For most museum exhibitions, it is taboo to touch any work of art. The works on display are almost always made by an artist out of reach of the visitor. “The Great Exchange” at the Dishman Art Museum crushes both of those museum norms in this exhibition of mail art.
“The show is called ‘The Great Exchange’ to encourage others to connect with each other and their friends, even the artists if they want to — all of their addresses are available on their title cards,” curator Alyssabeth Guerra said. “Many of the visitors have been writing to the artists. You don’t have to have a ton of talent to make mail art — it just has to be personal and thoughtful.”
The art form has evolved from just illustrations on envelopes and the exhibition is a survey of living artists who are actively corresponding using the post and pushing the envelope on what can be considered mail art.
“I wanted to get a wide range of works that are considered mail art to represent that mail art can be whatever you want it to be, you can be as imaginative as you want with it,” Guerra said. “You can make something really small or send something crazy like a plastic pigeon. You don’t have to use regular envelopes — you can make your own with mechanisms and different pockets. I wanted people to experience the full spectrum of older works and living mail artists.”
This is Guerra’s first show to curate after earning her bachelor of arts in general studies with an emphasis in studio art, art history and history from Texas Tech University in 2014. She works as assistant to the director at the Dishman, and for her debut show wanted to do something for the community and include her love for postal correspondence.
“Mail art is something I have been doing for seven years but also have an interest in as an art historian,” she said. “The students at Lamar University were on of my biggest motivations — when I was a student, I felt like I would really dried out from all the studio classes while the mail art was invigorating.
“I think it was so refreshing because the focus of that mail art is the personal conversation you are having with your friend and it is energizing and therapeutic to combine the conversation and the artwork. You can even incorporate the conversation in the art — it’s really fun.”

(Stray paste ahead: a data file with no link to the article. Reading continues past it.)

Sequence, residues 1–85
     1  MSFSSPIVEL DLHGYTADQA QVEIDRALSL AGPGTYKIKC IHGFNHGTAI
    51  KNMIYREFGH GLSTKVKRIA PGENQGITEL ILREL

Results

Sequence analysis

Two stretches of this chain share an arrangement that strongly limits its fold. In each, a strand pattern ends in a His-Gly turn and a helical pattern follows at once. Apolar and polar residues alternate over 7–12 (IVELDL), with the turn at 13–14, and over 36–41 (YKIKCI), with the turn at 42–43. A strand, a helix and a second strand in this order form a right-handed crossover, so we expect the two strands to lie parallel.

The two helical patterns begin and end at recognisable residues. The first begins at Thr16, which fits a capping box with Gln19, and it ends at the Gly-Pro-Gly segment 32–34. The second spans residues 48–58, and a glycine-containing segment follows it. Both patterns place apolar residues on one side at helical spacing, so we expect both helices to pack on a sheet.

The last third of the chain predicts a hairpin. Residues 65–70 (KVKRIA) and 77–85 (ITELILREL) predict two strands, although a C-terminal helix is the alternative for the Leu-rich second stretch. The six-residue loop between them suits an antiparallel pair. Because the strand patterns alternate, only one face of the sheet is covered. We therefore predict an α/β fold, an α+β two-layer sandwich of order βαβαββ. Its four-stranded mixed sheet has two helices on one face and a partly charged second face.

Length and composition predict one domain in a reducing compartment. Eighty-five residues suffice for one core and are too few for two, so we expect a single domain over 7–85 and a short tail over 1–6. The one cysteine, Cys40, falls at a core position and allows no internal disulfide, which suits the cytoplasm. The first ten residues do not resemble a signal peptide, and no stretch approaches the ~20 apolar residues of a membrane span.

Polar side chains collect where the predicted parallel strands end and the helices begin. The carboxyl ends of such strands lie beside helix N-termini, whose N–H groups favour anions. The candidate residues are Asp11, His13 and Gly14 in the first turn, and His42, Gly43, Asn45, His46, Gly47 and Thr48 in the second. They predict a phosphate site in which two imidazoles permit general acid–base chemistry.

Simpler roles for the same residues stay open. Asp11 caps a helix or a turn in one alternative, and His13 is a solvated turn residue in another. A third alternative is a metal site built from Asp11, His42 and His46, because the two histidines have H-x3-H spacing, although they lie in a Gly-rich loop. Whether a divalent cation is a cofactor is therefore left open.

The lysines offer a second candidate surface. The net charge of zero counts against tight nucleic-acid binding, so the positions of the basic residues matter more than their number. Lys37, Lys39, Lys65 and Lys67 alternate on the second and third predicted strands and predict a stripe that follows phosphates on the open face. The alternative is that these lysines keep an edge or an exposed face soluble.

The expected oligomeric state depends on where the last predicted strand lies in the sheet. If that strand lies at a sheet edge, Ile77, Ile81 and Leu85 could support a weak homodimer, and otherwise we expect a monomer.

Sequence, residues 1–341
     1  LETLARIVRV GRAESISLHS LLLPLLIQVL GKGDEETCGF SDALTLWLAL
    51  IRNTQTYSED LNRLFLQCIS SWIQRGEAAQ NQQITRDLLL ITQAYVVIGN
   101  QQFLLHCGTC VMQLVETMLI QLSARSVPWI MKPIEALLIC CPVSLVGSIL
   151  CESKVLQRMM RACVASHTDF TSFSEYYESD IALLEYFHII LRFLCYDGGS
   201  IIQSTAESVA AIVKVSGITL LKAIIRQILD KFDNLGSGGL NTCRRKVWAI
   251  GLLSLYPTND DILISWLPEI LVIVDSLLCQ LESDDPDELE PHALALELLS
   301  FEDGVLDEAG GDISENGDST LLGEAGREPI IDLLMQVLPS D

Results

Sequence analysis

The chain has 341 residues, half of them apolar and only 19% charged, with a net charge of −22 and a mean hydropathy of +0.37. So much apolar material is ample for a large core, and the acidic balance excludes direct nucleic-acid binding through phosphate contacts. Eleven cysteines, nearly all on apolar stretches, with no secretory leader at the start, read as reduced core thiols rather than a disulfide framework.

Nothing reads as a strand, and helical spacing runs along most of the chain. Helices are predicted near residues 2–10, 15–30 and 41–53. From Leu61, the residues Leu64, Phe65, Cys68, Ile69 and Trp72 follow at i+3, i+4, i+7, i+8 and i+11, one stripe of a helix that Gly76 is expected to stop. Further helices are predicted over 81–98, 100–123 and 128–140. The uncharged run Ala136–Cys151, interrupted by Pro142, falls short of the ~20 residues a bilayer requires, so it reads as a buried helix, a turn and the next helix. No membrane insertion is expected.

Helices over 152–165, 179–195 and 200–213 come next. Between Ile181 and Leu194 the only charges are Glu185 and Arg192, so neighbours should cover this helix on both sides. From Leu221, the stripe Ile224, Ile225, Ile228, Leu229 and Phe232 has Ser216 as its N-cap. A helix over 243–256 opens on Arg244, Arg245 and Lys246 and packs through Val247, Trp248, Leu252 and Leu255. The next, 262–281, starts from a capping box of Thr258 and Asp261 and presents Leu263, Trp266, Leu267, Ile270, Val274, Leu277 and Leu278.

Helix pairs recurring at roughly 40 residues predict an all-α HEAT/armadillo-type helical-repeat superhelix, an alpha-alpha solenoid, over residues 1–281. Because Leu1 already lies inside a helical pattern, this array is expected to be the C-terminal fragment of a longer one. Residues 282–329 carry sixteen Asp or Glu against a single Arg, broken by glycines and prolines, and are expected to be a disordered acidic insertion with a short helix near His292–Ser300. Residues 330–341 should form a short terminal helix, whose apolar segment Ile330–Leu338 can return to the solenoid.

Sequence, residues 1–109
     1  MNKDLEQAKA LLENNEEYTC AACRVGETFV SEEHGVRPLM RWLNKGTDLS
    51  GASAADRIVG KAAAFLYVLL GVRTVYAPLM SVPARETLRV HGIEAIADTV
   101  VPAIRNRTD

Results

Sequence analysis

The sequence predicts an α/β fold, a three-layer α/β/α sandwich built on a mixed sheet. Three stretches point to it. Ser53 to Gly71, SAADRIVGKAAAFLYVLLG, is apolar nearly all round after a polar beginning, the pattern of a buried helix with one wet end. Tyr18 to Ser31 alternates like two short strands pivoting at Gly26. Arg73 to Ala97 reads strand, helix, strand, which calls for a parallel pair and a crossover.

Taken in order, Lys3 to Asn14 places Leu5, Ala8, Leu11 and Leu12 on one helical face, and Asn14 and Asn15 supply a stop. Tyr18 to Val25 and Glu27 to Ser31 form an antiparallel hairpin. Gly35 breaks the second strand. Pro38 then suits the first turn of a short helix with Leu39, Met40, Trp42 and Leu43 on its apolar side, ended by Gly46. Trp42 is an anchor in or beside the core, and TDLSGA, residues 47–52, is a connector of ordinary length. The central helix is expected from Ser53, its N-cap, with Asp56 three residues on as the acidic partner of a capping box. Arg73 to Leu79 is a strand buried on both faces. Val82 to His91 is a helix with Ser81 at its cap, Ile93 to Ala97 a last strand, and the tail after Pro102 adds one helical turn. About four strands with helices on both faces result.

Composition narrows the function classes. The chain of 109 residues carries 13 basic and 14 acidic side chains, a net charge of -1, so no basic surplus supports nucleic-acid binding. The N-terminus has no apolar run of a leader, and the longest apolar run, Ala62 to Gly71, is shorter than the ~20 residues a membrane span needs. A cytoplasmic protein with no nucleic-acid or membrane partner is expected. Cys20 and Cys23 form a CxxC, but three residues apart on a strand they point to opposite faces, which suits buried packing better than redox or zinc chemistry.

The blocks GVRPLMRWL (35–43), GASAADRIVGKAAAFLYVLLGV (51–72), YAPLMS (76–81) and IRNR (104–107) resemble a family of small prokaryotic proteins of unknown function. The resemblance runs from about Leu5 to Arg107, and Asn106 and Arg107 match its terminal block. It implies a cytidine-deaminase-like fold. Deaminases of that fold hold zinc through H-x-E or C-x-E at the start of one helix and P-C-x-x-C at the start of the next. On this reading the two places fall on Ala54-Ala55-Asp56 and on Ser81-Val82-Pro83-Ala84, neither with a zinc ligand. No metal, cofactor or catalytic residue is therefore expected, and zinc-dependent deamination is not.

One of the displays, “The World’s Smallest Postal Service” by Lea Redmond, includes a miniature writing desk equipped with letters and envelopes for the like of Lilliputions. Another display by Margaret Haas includes samples of commercial stationary works and a custom Dishman Art Museum stamp.
The show also includes a documentary which traces some of the history of mail art from Ray Johnson in the ’50s to artists currently working with mail art. Older artists include John Held Jr. who is an art historian who has been making mail art since 1976 and E.F. Higgins who has been making his own postage stamps since the mid-seventies.
“For the theme of the show, I wanted it to be an exchange because it is interactive,” Guerra said. “ I wanted to get a wide range of works that are considered mail art to represent that mail art can be whatever you want it to be, you can be as imaginative as you want with it. You can make something really small or send something crazy like a plastic pigeon. You don’t have to use regular envelopes — you can make your own with mechanisms and different pockets. I wanted people to experience the full spectrum of older works and living mail artists.”
The exhibition also includes a table with colored pencils, pens and postcards to encourage visitors to make their own mail art and drop it in the postbox for the museum to mail and begin their own exchange with the art form.
“It’s a non-precious art form,” Guerra said. “The worth of the work isn’t in the material necessarily or who made it — it is worth on the personal level. It has worth because your friend made it for you and it is precious because it was especially made for you.”
“The Great Exchange” is on view through November 20. The Dishman Art Museum is located at 1030 E. Lavaca in Beaumont.
Story by Caitlin Duerler, ISSUE contributor